This begs the ques­tion…does he work on his ‘cute­ness quo­tient’? He laughs, “Mostly, I’m just be­ing me and peo­ple say ‘That’s so cute…. Do it again!’ and I don’t know what I’m sup­posed to do. I un­der­stand sexy and hot. With cute, I don’t know. I’m just try­ing to be a nice guy who looks good, like any­one else.”

His daily two-hour work­out is cer­tainly help­ing. In Jud­waa 2, he’s do­ing two looks. “One is a tapori and the other a mu­si­cian. I’m try­ing to get a dif­fer­en­ti­a­tion in terms of the phys­i­cal­ity but it’s dif­fi­cult. Maybe I’ll use a Snapchat fil­ter for that!” he jokes.




So what’s his plat­form of choice? “I’m most ac­tive on In­sta­gram, then Twit­ter and then Face­book. I haven’t opened up Snapchat for the pub­lic, it’s only for my friends. Only in this is­sue of Brunch are there exclusive pic­tures of me that I usu­ally don’t want any­one else to see! I love do­ing the voice change fil­ters and the sheep with the snow is my favourite. When Hum­sa­far was launched, I did a post where I was sing­ing the song with that sheep fil­ter, which was re­ally cool.

“See, all this has to be used smartly. Snapchat can be used for a lot of naughty things as well! But each to their own…the only thing I al­ways tell peo­ple is to be care­ful about the pic­tures you share.”

Varun says he likes In­sta­gram more. “I think peo­ple who use In­sta­gram are also in­her­ently dif­fer­ent, as it’s a way to ex­press cre­ativ­ity. You’re not just post­ing pic­tures, but adding fil­ters, your own touches to it,” he thinks aloud.


Varun is em­phatic that one mustn’t take so­cial me­dia too se­ri­ously. He says, “Peo­ple will judge you or troll you. There are on­line bul­lies, who can be harsh. If some­one says they didn’t like a film, I can’t feel bad about it. But if they get bitchy and I abuse them back, then I’ll never hear the end of it. I’m on so­cial me­dia to spread hap­pi­ness and love. ”Doesn’t he feel rage some­times? “I do. I do, I do, I do. But when it gets to me, I blow off steam un­der­wa­ter. That’s my es­cape route to peace!” he re­veals. “When I go for a swim, I go un­der­wa­ter and try to hold my breath for some time. That’s when I truly find my­self. ”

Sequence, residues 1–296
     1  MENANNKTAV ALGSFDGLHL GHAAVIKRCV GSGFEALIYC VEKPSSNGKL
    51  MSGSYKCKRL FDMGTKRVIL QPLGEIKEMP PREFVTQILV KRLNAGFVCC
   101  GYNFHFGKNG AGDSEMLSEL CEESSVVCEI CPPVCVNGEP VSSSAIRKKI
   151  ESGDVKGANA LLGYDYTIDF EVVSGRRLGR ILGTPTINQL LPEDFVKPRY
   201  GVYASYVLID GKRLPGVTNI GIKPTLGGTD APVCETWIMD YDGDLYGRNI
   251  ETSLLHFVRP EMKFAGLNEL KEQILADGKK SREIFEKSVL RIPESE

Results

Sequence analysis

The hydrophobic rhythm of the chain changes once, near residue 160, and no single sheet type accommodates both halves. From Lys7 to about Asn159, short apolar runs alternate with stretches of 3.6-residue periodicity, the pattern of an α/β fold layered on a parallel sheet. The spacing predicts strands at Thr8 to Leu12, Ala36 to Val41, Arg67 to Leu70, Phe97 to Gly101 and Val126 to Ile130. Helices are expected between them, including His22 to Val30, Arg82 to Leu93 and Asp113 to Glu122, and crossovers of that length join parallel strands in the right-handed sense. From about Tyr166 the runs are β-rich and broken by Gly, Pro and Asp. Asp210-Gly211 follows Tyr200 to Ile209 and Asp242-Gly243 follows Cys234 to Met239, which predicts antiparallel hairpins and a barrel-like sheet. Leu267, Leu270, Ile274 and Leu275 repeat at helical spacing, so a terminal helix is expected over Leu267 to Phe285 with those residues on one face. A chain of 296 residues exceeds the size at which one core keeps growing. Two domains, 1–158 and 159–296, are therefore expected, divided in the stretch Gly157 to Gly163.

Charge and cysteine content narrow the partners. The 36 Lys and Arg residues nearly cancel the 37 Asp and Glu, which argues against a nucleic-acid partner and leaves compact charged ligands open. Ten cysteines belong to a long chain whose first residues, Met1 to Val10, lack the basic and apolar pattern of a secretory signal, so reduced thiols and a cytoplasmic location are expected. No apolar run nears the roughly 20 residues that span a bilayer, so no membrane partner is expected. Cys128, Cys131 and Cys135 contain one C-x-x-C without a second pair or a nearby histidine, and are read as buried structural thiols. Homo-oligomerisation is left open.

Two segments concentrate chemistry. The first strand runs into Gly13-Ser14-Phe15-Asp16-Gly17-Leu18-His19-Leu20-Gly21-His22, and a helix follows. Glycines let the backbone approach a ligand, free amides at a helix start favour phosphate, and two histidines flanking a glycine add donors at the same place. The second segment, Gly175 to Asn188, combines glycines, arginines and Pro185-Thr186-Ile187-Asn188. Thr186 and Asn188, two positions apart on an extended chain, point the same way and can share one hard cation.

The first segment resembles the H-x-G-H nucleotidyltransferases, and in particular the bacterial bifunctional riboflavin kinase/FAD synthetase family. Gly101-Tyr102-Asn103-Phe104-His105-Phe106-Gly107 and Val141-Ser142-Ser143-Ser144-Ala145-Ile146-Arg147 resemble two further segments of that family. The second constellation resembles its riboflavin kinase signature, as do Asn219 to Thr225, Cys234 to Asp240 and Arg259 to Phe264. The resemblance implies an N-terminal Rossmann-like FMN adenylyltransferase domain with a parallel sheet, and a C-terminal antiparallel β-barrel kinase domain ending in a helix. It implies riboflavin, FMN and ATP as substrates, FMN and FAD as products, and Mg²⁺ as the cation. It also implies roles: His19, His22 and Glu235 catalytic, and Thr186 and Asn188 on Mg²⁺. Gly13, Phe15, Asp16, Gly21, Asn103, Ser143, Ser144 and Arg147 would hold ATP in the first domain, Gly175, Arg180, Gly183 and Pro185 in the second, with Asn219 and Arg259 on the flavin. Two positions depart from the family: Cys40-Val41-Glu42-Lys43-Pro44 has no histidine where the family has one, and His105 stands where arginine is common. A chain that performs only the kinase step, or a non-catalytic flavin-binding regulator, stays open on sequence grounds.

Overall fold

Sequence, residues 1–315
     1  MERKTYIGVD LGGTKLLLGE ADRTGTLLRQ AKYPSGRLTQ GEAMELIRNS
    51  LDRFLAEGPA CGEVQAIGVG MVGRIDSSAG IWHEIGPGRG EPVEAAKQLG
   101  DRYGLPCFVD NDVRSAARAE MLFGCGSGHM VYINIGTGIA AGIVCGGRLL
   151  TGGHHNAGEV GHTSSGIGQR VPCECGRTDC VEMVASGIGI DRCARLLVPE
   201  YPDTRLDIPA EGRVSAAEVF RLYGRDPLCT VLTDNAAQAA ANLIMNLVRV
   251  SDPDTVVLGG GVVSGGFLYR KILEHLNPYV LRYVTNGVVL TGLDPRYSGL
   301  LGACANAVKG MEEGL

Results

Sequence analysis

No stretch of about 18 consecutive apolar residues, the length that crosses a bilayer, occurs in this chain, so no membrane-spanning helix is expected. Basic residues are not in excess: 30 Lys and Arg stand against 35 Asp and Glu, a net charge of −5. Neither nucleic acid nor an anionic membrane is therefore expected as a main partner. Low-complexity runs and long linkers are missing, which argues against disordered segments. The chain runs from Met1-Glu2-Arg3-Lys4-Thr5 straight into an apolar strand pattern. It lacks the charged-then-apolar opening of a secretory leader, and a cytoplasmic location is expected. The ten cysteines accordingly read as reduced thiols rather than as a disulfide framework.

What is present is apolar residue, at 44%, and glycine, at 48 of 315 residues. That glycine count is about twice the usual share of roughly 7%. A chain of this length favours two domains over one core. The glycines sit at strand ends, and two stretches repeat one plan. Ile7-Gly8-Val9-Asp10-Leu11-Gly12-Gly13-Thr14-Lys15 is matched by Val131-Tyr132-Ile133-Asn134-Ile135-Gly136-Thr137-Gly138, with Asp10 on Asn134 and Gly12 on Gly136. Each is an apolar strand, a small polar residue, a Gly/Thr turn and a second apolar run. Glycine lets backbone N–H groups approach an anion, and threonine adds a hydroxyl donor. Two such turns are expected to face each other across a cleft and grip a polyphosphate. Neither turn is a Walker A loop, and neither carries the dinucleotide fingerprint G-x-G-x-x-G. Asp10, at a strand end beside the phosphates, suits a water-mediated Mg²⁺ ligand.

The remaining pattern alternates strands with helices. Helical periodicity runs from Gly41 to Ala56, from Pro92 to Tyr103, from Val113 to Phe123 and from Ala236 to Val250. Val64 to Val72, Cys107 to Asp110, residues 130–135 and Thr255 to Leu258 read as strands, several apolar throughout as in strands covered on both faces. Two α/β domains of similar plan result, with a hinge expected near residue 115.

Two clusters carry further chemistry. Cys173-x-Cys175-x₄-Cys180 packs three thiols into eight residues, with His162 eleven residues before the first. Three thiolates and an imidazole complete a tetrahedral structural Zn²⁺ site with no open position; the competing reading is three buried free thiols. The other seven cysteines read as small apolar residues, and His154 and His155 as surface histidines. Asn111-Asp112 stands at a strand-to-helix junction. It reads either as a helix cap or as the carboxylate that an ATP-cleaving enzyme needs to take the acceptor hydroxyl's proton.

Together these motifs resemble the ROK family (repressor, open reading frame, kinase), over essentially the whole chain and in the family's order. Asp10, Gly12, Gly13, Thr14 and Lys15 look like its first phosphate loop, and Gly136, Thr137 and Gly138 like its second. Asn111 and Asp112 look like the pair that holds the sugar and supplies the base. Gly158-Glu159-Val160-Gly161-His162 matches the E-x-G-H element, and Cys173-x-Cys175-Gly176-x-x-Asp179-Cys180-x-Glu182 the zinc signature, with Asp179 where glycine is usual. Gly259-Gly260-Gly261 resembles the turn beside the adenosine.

There’s more depth to this man than the me­dia will have you be­lieve. I try to go be­yond what he will­ingly shares. But… “There’s a big part of my per­sonal life that I won’t share at all,” he says. “Af­ter all, some parts of your life have to be sa­cred. It’s very easy to lose that to­day. Be­ing an ac­tor, be­ing on so­cial me­dia… you’re putting out so much al­ready. Some­times it’s nice to have a part of you that no­body knows about.”


Are the peo­ple in his life on board with his dig­i­tal dal­liances? “My mom doesn’t want to be in pic­tures and my brother hates it! My friends are cool with it, but get an­noyed as so many peo­ple DM them to reach me. At times hate is also di­rected to­wards girls I know and I don’t like that at all,” he says.


“Shrad­dha (Kapoor) loves tak­ing self­ies. Ar­jun (Kapoor) would see me post­ing so much, so he started. But now he’s bored. Jac­que­line (Fer­nan­dez) is mas­sive on Snapchat. Alia (Bhatt) and I did a LOT of planned me­dia to­gether. She’s re­ally good at pho­tos and In­sta­size. We would col­lab­o­rate on that.”


Does dig­i­tal noise im­pact his act­ing de­ci­sions? “Ob­vi­ously, I can’t make films for the Twit­terati,” he as­serts. “I like to en­ter­tain ev­ery­one and can’t look at just a small sec­tion of so­ci­ety. I be­lieve I am where I am be­cause of my act­ing and noth­ing else. I don’t take movies for granted, ever.”

PART­NERS IN CRIME Varun says Alia (Bhatt) is good at pho­tos and In­sta­size, and they did a lot of planned me­dia to­gether for their film